Time was when “A Soldier’s Wind” was a slightly patronising term used to describe exceptionally favourable conditions for smooth voyaging in the great days of sail, with a beam reach in a good Force 4 being held up as the ideal writes W M Nixon
It dated from the era of government troopships criss-crossing the globe under sail when empire-building was in fashion, sailed by naval crews detailed with the job of getting military task-forces to operational hotspots as smoothly and quickly as possible.
It’s a term you’ll hear rarely used these days, if at all, as the growing need for troopships coincided with the arrival of steam- powered vessels which, while they were far from being luxury liners, were more efficient than sailing ships in this role.
So “A Soldier’s Wind” has been largely consigned to history and vague memory. And its disappearance from the Irish maritime vocabulary has been hastened by some remarkable sailing soldiers led by the likes of Commandant Barry Byrne, who has given us an entirely new perspective on military prowess in top flight racing boats.
But although Barry Byrne has moved this military seafaring on to a new level of active involvement and command, Irish soldiers going in for offshore racing is nothing new. Way back in 1995, we did the Dun Laoghaire to Dingle Race with our hefty Contessa 35, and after a ding-dong nearly all the way with Jim Donegan of Cork with his Hustler 36 White Rooster (which he won, but we beat him the following year in the Round Ireland), we found ourselves berthed for one of the few times time alongside Dens Doyle’s mighty Frers 51 Moonduster, which had taken line honours and in time was the overall winner too.
It was intriguing to find Moonduster – which could carry a racing complement of up to 15 - was being crewed to a significant level by Army Cadets. One of Denis’s many sailing friends was the Irish army’s Colonel Barney Goulding. Having seen that Naval Cadets from the nearby base at Haulbowline in Cork Harbour did not necessarily work out when invited to join Moonduster’s enormous panel as potential crewmembers because they came aboard with too many pre-conceived ideas as to how a boat should be sailed and run, Barney suggested that he be allowed to give a squad of Army cadets a try.
It worked out very well at a high level of mutual respect, as the young army people were accustomed to working as a close team, they were extremely fit, and they were keen to learn while not claiming any deep knowledge of sailing. As for Denis, he just liked to get things done as quickly as possible with a minimum of fuss, and he was a main with absolutely no highfalutin airs or graces.
And the system worked very well indeed at a racing level– the convincing performance by Moonduster every which way in the Dingle Race proved it. At the time, many defence forces worldwide had long used sailing - particularly offshore sailing – as a useful adjunct to their training programme, often with a fleet of Navy-owned yachts to provide it. But in Ireland, as ever, we were to come to it in our own individualistic way.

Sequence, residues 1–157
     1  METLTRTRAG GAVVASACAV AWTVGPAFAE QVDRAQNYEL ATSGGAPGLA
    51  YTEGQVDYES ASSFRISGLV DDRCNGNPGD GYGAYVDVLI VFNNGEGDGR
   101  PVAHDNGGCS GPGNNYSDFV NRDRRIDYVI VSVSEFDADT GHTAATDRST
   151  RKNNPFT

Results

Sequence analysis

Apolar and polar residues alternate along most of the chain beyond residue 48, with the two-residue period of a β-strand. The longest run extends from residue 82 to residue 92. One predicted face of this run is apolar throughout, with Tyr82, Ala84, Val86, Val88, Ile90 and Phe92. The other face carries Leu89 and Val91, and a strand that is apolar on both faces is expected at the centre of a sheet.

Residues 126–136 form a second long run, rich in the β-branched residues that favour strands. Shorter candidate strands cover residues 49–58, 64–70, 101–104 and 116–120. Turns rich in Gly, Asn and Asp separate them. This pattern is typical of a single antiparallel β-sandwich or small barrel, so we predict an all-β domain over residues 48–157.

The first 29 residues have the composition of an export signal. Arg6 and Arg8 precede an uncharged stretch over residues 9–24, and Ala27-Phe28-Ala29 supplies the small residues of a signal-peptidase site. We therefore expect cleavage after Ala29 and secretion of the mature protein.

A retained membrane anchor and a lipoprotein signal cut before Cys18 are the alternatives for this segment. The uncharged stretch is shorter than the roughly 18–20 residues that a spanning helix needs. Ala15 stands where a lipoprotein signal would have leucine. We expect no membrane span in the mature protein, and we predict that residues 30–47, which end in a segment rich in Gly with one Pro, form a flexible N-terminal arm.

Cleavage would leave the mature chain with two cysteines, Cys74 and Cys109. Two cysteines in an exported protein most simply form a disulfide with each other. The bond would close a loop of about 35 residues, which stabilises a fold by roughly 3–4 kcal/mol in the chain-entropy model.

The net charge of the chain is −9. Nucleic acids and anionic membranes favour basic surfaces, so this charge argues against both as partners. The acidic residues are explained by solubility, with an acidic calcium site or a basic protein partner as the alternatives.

The Naval Service has a Yacht Squadron with its marina for officially-owned and private boats at their headquarters base at Haulbowline in Cork Harbour race, and sea training in craft of all sizes has been encouraged. But it all suddenly moved on to a new level in February 2016 when then Minister for Defence Simon Coveney suggested – or rather, gave firm instructions – that there should be an Inter-Services Challenge within the up-coming Volvo Cork Week 2016 in five months time.
It fell to a noted sailing soldier, Barry Byrne who originally emerged from that noted sailing nursery of Wicklow, to put together the structure of what became the Inter-Services Beaufort Cup, with a substantial entry and each boat (people were generous in making competitive craft available) carrying a crew which was made up of at least 50% services personnel, but in most cases the proportion was much higher than that.
With a programme which included a separate race around the Fastnet yet also somehow incorporated the Beaufort Cup Series as part of Volvo Cork Week, its success exceeded all expectations, and the Irish Defence Forces Crew sailing the J/109 Joker II loaned by John Maybury of the Royal Irish YC on Dublin Bay, and skippered by Commandant Barry Byrne, had a popular overall win.
Suddenly, sailing was the hot ticket in military training thinking. Or so sailing enthusiasts liked to think. Certainly, we waited with some hopeful expectation to see what the powers-that-be might allow Barry Byrne to do next for the development of our sport in the broader context.
But the Army has a way of bringing everybody back to earth to remind us of its real purpose in life. Very quickly, the next item in the Barry Byrne military career was a six month tour of duty with the Irish contingent in the UN Peace-Keeping Forces in South Lebanon, based on the South West Headquarters as Deputy Director of the Tactical Operations Sector. Essential soldiering perhaps, but there’s not a lot of room for the development of sailing as an adjunct to military training in a dusty posting like that.
However, as all sailing now knows, Barry Byrne is very much back on the home scene again, with input to the second annual staging of the Beaufort Cup in Volvo Cork Week starting on Sunday July 15th. And meanwhile – also with Joker II – he and his Defence Forces crew have just had a magnificent Volvo Round Ireland Race, second overall and runaway winners of the Services Division.
But whether or not they’re going to be able to continue their run of success into the Beaufort Cup 2018 is another matter, for it has moved up several notches to become the glamour event of Cork Week, and there’s every indication that some crews will make full use of the rule that only 50% of their number be from the Service they represent.
Even Barry Byrne himself is having to resort to some civilian support as one of his round Ireland crew sustained three fractured ribs during that sometimes decidedly rugged race, and while the casualty heroically carried on after being strapped up by his shipmates, doctor’s orders prohibit him from the demands of the Beaufort Cup.
So Joker II’s crew for this series is: Comdt. Barry Byrne, Sgt. Paddy McGrath, Lt Marcus Ryan, Lt Col Wayne Tyrell, Lt. Richie O’Hagan, Comdt. (Retd.) Ian Travers, Cpl. (Retd.) Brian Phelan, Brian Byrne, Malcolm Moir and Louis Malloy.